See them: Windmill Stage, 20:05
An eleventh hour addition to the bill, replacing Dream Wife, off-kilter post-punks Dry Cleaning might just be the UK’s biggest ‘buzz’ band of the moment. The South London quartet’s superb New Long Leg album crashed into the UK charts at number 4 in April, and music’s most reliable hype channels have been gushing in their appreciation of vocalist Florence Shaw’s fabulously deadpan, disjointed and uniquely surreal lyrical musings: her disdainful delivery of the oblique insult, “You’re a spoon pal, you are”, on the album’s title track is a joy to behold.
Look out too for Magic Of Meghan, a left-field salute of sorts to the Duchess of Sussex. “You're just what England needs, you're going to change us,” intones Shaw: the same could be said of Dry Cleaning.
See them: Moth Club Stage, 18:10
Released in January, Goat Girl’s sci-fi synth-heavy second album, On All Fours, produced by Dan Carey, finds the Peckham post-punk quartet painting a disquieting vision of modern life, laced with anxiety and ennui: “When you’re within a world that constantly makes you feel as though you’re living out a really bad dream,” notes vocalist/guitarist Lottie Pendlebury, “disillusionment is inevitable.” If this all sounds rather down-beat, rest assured their live sets crackle with intensity.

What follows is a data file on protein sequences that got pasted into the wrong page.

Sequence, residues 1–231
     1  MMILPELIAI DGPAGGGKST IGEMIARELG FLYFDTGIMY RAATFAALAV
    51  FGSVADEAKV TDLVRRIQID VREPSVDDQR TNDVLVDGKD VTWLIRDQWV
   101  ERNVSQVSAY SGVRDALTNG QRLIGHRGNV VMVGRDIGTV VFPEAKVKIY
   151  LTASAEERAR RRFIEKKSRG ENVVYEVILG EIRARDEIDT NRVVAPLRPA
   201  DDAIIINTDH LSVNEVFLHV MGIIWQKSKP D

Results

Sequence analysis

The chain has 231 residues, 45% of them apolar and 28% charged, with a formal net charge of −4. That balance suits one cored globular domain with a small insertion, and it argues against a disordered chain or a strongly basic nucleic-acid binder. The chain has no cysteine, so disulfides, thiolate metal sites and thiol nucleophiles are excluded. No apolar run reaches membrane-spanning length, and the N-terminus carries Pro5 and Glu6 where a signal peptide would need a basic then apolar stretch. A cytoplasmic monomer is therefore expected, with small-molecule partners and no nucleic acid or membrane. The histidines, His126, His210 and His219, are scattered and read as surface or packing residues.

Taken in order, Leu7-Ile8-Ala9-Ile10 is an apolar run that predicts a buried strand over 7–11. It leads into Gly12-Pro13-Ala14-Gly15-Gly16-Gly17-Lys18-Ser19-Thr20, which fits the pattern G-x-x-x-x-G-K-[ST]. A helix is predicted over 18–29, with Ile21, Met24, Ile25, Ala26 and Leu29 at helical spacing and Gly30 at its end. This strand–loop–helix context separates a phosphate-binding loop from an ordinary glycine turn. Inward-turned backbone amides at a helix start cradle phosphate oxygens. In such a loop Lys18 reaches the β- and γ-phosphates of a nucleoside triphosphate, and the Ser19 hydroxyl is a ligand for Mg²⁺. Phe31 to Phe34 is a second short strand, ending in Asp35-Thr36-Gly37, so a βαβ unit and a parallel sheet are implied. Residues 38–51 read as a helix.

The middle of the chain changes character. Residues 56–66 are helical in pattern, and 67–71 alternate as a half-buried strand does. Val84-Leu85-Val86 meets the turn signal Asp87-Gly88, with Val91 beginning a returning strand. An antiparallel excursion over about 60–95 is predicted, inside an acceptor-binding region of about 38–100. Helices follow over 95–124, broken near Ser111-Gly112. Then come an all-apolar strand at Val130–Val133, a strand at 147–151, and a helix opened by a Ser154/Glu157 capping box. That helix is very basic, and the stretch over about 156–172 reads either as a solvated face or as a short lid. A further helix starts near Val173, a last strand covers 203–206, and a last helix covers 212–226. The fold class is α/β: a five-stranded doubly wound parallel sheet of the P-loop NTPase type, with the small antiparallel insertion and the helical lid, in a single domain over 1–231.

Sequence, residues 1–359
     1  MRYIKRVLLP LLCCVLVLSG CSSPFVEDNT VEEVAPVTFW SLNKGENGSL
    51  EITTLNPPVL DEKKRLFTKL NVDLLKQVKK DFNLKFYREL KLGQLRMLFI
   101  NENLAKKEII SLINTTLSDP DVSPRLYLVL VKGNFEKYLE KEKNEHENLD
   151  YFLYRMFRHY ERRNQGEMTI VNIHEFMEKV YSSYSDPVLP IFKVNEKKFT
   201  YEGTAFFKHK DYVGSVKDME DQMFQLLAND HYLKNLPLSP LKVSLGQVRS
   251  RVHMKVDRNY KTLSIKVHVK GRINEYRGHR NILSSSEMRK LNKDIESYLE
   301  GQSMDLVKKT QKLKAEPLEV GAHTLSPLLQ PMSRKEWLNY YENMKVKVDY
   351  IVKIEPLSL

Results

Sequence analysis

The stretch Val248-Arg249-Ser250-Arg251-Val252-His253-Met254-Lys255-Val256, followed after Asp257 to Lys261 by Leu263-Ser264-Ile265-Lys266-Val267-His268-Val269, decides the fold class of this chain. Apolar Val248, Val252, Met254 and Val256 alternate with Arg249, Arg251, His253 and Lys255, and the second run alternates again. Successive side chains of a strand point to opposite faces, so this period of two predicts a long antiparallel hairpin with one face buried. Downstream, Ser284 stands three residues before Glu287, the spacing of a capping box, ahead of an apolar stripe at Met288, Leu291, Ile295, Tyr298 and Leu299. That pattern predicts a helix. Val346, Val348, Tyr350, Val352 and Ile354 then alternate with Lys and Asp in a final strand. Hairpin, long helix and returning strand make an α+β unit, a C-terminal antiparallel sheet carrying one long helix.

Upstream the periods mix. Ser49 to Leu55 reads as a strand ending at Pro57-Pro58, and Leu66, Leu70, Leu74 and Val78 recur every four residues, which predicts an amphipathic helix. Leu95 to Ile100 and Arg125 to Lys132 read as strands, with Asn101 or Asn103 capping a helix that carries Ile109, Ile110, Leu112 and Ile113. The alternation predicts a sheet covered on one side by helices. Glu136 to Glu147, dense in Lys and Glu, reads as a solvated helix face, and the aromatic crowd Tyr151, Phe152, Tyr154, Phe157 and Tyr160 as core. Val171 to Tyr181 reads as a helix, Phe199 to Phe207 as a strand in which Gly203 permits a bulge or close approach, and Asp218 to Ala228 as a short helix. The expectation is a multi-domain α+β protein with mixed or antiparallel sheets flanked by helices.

See them: Windmill Stage, 17:20
At the risk of being that guy, Idles’ much-lauded third album, Ultra Mono, is arguably the weakest of their career to date: that it was also easily the best guitar album made by a British band in 2020 speaks to just how impactful both 2017’s Brutalism and 2018’s Joy as an Act of Resistance remain.
When the Bristol five-piece last played a major show in London, at Alexandra Palace on the weekend ahead of the 2019 UK General Election, their righteous fury was shot through with hope that the British people might embrace progressive change: that this hope was soon cruelly quashed at the ballot box only makes their open-hearted, incendiary art more vital and necessary in 2021.
See them: Windmill Stage, 13:30
Drawing upon influences from Afrobeat, jazz, West African Pentecostal churches and London’s grittiest after-dark nightlife, Korokoro - named after an Orobo word meaning “be strong” - might just steal the show at Wide Awake as darkness falls upon the Bad Vibrations Stage.
Their life-affirming soundscapes could come from nowhere but London: “We didn’t want it to sound too clean, that doesn’t really fit into the London sound,” says percussionist Onome Edgeworth. “We wanted it to sound rough, like going out and hearing music pushed through speakers or the energy of people dancing at Afrobeat parties: it’s music we’ve seen work on dancefloors.”
See them: Bad Vibrations Stage, 21:00